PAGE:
Americans' eagerness to expand westward prompted a long series of American Indian Wars.[64] The Louisiana Purchase of French-claimed territory in 1803 almost doubled the nation's area.[65] The War of 1812, declared against Britain over various grievances and fought to a draw, strengthened U.S. nationalism.[66] A series of military incursions into Florida led Spain to cede it and other Gulf Coast territory in 1819.[67] The expansion was aided by steam power, when steamboats began traveling along America's large water systems, many of which were connected by new canals, such as the Erie and the I&M; then, even faster railroads began their stretch across the nation's land.[68]

From 1820 to 1850, Jacksonian democracy began a set of reforms which included wider white male suffrage; it led to the rise of the Second Party System of Democrats and Whigs as the dominant parties from 1828 to 1854. The Trail of Tears in the 1830s exemplified the Indian removal policy that forcibly resettled Indians into the west on Indian reservations. The U.S. annexed the Republic of Texas in 1845 during a period of expansionist Manifest destiny.[69] The 1846 Oregon Treaty with Britain led to U.S. control of the present-day American Northwest.[70] Victory in the Mexican–American War resulted in the 1848 Mexican Cession of California and much of the present-day American Southwest.[71]

File:American bison in Yellowstone National Park.jpg

An American bison, the national mammal, in Yellowstone National Park, Wyoming

The California Gold Rush of 1848–49 spurred migration to the Pacific coast, which led to the California Genocide[72][73][74][75] and the creation of additional western states.[76] After the American Civil War, new transcontinental railways made relocation easier for settlers, expanded internal trade and increased conflicts with Native Americans.[77] For half a century, the rapidly declining buffalo struck an existential blow to many Plains Indians' culture.[78] In 1869, a new Peace Policy nominally promised to protect Native-Americans from abuses, avoid further war, and secure their eventual U.S. citizenship. Nonetheless, large-scale conflicts continued throughout the West into the 1900s.

Civil War and Reconstruction era[]


File:Thure de Thulstrup - L. Prang and Co. - Battle of Gettysburg - Restoration by Adam Cuerden (cropped).jpg

The Battle of Gettysburg by Thure de Thulstrup

Differences of opinion regarding the slavery of Africans and African Americans ultimately led to the American Civil War.[79] Initially, states entering the Union had alternated between slave and free states, keeping a sectional balance in the Senate, while free states outstripped slave states in population and in the House of Representatives. But with additional western territory and more free-soil states, tensions between slave and free states mounted with arguments over federalism and disposition of the territories, whether and how to expand or restrict slavery.[80]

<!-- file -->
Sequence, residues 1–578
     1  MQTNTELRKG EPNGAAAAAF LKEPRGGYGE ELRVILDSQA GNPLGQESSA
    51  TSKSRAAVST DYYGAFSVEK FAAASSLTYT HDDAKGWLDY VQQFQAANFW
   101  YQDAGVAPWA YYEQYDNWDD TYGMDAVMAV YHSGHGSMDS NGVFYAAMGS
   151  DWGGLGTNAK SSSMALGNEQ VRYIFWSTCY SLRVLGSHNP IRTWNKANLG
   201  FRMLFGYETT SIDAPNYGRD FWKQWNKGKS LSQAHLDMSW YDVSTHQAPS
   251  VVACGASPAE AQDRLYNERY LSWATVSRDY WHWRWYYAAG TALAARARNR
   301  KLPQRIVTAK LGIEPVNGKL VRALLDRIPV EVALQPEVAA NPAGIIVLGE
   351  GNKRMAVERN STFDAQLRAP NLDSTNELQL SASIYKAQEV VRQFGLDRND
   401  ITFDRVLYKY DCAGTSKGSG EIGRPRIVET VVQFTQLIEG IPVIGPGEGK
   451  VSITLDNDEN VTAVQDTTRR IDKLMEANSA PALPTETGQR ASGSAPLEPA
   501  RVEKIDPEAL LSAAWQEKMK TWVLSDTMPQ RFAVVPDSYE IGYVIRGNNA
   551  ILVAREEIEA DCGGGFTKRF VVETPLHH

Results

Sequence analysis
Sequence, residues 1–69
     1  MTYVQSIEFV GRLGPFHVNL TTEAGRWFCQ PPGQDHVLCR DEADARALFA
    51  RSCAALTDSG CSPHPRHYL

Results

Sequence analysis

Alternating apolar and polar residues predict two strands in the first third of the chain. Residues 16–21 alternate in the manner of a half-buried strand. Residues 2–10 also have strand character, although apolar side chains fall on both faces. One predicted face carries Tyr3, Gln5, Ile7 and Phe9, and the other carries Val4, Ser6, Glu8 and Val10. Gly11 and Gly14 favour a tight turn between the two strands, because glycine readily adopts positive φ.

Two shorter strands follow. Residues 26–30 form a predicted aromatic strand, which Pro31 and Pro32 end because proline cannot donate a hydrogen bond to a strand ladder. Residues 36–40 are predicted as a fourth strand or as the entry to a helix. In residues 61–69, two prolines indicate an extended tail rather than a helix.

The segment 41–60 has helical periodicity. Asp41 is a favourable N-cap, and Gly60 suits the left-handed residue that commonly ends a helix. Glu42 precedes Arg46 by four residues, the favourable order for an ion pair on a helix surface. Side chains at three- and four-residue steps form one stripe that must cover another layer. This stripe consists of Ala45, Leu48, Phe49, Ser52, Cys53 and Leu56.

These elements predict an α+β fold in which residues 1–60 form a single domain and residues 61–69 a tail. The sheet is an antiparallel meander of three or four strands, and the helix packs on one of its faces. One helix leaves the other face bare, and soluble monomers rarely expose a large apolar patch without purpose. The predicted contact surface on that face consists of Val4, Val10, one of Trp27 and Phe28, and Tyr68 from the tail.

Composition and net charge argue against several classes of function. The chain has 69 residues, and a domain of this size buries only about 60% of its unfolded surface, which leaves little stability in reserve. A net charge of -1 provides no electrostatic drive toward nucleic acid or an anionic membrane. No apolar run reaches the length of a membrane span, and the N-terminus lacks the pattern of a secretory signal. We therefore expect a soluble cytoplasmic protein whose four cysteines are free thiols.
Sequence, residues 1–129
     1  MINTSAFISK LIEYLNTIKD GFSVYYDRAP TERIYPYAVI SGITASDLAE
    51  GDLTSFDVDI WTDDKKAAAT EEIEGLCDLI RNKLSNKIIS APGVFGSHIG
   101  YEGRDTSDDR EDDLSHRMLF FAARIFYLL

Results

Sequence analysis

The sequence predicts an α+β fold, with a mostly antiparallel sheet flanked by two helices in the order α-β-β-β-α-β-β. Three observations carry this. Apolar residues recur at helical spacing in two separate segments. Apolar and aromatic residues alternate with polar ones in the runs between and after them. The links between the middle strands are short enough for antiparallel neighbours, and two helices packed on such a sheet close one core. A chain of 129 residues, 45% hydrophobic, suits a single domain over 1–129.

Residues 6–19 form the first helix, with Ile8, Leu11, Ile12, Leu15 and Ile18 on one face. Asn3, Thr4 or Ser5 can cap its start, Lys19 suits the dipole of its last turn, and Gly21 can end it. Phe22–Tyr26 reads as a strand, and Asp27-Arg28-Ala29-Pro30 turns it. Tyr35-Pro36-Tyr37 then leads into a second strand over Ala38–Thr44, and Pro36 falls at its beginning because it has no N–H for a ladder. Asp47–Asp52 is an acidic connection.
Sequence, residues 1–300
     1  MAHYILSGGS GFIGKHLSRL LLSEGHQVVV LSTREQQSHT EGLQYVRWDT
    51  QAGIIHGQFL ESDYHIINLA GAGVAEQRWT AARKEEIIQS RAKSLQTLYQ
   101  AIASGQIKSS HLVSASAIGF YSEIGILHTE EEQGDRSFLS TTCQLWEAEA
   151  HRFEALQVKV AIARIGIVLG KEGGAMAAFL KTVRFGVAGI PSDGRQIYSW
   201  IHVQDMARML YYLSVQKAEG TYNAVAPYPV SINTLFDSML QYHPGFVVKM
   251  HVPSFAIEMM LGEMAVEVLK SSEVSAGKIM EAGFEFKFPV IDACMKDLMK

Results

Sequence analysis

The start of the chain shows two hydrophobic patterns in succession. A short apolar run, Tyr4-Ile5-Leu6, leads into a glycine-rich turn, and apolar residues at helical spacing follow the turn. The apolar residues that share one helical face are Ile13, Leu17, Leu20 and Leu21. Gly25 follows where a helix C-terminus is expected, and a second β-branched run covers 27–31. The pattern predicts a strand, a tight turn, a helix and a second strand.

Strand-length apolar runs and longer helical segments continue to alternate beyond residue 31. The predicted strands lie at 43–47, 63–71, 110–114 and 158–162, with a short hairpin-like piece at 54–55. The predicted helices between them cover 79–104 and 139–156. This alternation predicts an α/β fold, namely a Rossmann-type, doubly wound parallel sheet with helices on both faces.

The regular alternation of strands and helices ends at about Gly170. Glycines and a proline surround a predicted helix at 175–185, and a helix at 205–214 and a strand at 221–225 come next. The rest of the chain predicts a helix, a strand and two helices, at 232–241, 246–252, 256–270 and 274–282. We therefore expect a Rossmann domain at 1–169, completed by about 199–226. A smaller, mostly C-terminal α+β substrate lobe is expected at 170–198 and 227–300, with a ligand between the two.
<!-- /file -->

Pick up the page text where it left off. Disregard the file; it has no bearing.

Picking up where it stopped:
With the 1860 election of Abraham Lincoln, the first president from the largely anti-slavery Republican Party, conventions in thirteen slave states ultimately declared secession and formed the Confederate States of America (the "South"), while the federal government (the "Union") maintained that secession was illegal.[80] In order to bring about this secession, military action was initiated by the secessionists, and the Union responded in kind. The ensuing war would become the deadliest military conflict in American history, resulting in the deaths of approximately 618,000 soldiers as well as many civilians.[81] The South fought for the freedom to own slaves, while the Union at first simply fought to maintain the country as one united whole. Nevertheless, as casualties mounted after 1863 and Lincoln delivered his Emancipation Proclamation, the main purpose of the war from the Union's viewpoint became the abolition of slavery. Indeed, when the Union ultimately won the war in April 1865, each of the states in the defeated South was required to ratify the Thirteenth Amendment, which prohibited slavery.

Three amendments were added to the U.S. Constitution in the years after the war: the aforementioned Thirteenth as well as the Fourteenth Amendment providing citizenship to the nearly four million African Americans who had been slaves,[82] and the Fifteenth Amendment ensuring in theory that African Americans had the right to vote. The war and its resolution led to a substantial increase in federal power[83] aimed at reintegrating and rebuilding the South while guaranteeing the rights of the newly freed slaves.